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Breeding to Buying: Factors to Consider When Purchasing a Puppy

Updated: Jun 23, 2023

Let's dive into the first part of the process in producing purpose-bred Labrador Retriever puppies specifically for service dog work—breeding. While we breed our puppies specifically to become service dogs, this is useful information to consider when purchasing a dog of any breed for your family, even as a pet.

At Project 2 Heal, our breeding process begins with a review of the pedigrees of our male and female breeding partners. While we know the parents of all of our dogs, we dig even deeper into the pedigrees by reviewing the genetics of dogs from previous generations.

Before we go too far though, let's look at some key terms with which you'll need to be familiar.

Dog Breeding Vocabulary:

  • Fixing traits: Mating two dogs carrying a certain gene so that descendants are likely to possess the gene as well.

  • Coefficient of Inbreeding (COI): The probability that two copies of a gene variant have been inherited by a puppy from a dog in the pedigrees of both the mother and father.

  • Pedigree: The family tree of a dog, including genetic history regarding desirable traits or disorders within the lineage.

Now let's look at the types of breeding processes you may encounter when considering a puppy to purchase.

What Is Inbreeding?

Most people have probably heard of the concept of inbreeding. In this type of dog breeding, dogs are bred to immediate relatives. (E.g. a father dog to daughter, mother dog to daughter, or sibling to sibling.)

Inbreeding dogs will quickly fix desirable traits in the puppies produced. (Temperament or many different physical traits, for example.) However, while it can fix those very good traits you want to reproduce in future litters, it also fixes undesirable traits. (Aggression or disobedience, for example.) Because inbreeding can result in the perpetuation of undesirable traits, Project 2 Heal never utilizes inbreeding to produce a litter or puppies.

What Is Line Breeding?

Line breeding is a type of breeding through which the breeder attempts to capture a very desirable trait of a dog or bitch that has been shown to reproduce in many of their puppies. For example, many service dog organizations that train dogs for veterans—especially veterans that have lost a limb in combat—want large dogs. Male Labrador Retrievers typically weigh 80 to 85 pounds, however we can line breed on a very large Labrador male that has proved to produce very large puppies in order to produce the largest adult dogs as possible.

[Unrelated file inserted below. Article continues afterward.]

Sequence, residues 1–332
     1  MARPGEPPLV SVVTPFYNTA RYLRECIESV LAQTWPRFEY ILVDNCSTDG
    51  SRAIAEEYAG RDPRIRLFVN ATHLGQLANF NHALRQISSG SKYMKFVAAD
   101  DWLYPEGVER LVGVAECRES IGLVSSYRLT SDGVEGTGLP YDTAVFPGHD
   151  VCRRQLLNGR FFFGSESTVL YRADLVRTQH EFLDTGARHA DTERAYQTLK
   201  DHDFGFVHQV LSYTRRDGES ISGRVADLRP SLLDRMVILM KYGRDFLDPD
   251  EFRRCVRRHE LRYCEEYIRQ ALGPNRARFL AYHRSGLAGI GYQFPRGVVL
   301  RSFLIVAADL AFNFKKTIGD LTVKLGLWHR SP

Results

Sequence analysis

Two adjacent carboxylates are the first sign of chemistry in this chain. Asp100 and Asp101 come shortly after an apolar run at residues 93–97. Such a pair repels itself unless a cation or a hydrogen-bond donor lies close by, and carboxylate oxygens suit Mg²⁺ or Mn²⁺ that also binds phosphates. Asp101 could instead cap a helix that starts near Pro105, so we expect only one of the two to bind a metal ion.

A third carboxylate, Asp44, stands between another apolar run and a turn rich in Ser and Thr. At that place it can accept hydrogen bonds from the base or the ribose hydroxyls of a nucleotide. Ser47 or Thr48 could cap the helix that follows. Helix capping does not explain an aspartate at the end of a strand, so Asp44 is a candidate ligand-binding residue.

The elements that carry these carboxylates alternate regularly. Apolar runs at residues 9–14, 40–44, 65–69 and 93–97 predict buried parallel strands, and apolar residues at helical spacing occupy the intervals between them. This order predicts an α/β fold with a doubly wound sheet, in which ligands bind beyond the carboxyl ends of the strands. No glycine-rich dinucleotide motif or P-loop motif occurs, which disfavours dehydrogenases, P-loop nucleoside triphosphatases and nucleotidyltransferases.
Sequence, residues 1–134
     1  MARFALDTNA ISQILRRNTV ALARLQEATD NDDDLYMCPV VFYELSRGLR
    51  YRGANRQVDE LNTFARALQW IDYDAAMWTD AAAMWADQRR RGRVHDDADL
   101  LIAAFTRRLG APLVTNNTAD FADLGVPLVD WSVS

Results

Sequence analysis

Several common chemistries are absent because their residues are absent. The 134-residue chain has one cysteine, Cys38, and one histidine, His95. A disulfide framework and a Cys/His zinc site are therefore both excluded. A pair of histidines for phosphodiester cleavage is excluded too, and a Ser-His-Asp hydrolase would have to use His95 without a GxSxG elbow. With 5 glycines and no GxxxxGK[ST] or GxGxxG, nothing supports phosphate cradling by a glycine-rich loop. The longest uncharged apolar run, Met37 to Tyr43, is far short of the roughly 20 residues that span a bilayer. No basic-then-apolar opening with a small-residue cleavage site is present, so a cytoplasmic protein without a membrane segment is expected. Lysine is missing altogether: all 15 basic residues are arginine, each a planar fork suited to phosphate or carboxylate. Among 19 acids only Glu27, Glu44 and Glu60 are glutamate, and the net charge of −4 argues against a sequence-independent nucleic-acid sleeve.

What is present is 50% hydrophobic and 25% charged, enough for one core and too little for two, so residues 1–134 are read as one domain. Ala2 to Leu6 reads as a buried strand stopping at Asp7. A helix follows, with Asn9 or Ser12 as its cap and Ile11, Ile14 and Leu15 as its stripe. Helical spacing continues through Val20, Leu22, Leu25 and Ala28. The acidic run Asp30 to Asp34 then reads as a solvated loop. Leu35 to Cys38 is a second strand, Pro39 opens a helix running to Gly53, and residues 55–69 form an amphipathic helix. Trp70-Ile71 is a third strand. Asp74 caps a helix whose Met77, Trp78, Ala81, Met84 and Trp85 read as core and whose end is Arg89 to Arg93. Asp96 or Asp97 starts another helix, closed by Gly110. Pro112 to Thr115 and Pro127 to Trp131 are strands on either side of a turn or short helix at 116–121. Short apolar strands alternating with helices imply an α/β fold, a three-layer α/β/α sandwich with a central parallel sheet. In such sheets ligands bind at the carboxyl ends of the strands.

Unlike inbreeding which looks to perpetuate desirable traits by crossing a dog with an immediate relative, line breeding typically looks to accentuate desirable traits by crossing one dog with another that is two or three lines back in pedigree. (E.g. the grandparent or great-grandparent.) An uncle could also be crossed with a niece or aunt and nephew.

Let's say we have analyzed the pedigree of the girl we will be breeding. It becomes clear to us upon further analysis that the paternal grandfather of this bitch consistently produces puppies that mature into larger than average adults. We then look at his health clearances on the Orthopedic Foundation for Animals to review all of the health data on the grandfather himself, as well as any health data that is available on those puppies he produced. We're looking to see if he and his "get"—the pups he has sired—appear to have good hips, elbows, eyes clear for cataracts and other disorders and no signs of Tricuspid Valve Dysplasia (TVD), which is a growing health concern among Labrador retriever breeders.

At the same time we are doing this we can determine the COI, or Coefficient of Inbreeding. When the COI is determined we will know how likely the line breed will be to capture the trait we are looking to produce. (An average COI for purebred dogs is approximately 20%, meaning there is a 20% probability that a puppy may receive two copies of a gene variant from a dog in the pedigrees of both the mother and father.)

In the case of breeding for size, a higher COI increases the likelihood that offspring will mature into larger-than-average adult dogs. The flip-side however, is that a higher COI in this case also increases the likelihood that any health issues from generations back may rear their ugly head.

The final element of the line breeding process would be conferring with mentors. Project 2 Heal is blessed to have fantastic mentors in the breeding world, who have helped establish our breeding lines through their many years of experience.